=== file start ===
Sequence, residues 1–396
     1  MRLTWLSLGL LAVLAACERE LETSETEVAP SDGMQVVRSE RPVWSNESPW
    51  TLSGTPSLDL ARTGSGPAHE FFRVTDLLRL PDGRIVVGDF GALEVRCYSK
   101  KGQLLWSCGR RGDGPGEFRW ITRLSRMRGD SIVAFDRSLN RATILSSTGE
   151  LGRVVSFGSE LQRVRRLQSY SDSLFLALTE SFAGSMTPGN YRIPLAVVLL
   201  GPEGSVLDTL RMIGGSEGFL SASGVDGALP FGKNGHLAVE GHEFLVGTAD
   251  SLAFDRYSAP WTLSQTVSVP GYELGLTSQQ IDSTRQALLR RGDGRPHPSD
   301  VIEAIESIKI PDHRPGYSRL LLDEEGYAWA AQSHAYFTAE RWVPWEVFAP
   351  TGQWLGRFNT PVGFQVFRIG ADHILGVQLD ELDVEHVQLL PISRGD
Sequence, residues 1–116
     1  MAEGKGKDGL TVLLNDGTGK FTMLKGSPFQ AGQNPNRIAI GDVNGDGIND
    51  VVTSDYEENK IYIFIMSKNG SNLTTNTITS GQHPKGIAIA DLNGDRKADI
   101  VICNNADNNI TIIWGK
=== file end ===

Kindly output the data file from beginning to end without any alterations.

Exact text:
Sequence, residues 1–396
     1  MRLTWLSLGL LAVLAACERE LETSETEVAP SDGMQVVRSE RPVWSNESPW
    51  TLSGTPSLDL ARTGSGPAHE FFRVTDLLRL PDGRIVVGDF GALEVRCYSK
   101  KGQLLWSCGR RGDGPGEFRW ITRLSRMRGD SIVAFDRSLN RATILSSTGE
   151  LGRVVSFGSE LQRVRRLQSY SDSLFLALTE SFAGSMTPGN YRIPLAVVLL
   201  GPEGSVLDTL RMIGGSEGFL SASGVDGALP FGKNGHLAVE GHEFLVGTAD
   251  SLAFDRYSAP WTLSQTVSVP GYELGLTSQQ IDSTRQALLR RGDGRPHPSD
   301  VIEAIESIKI PDHRPGYSRL LLDEEGYAWA AQSHAYFTAE RWVPWEVFAP
   351  TGQWLGRFNT PVGFQVFRIG ADHILGVQLD ELDVEHVQLL PISRGD
Sequence, residues 1–116
     1  MAEGKGKDGL TVLLNDGTGK FTMLKGSPFQ AGQNPNRIAI GDVNGDGIND
    51  VVTSDYEENK IYIFIMSKNG SNLTTNTITS GQHPKGIAIA DLNGDRKADI
   101  VICNNADNNI TIIWGK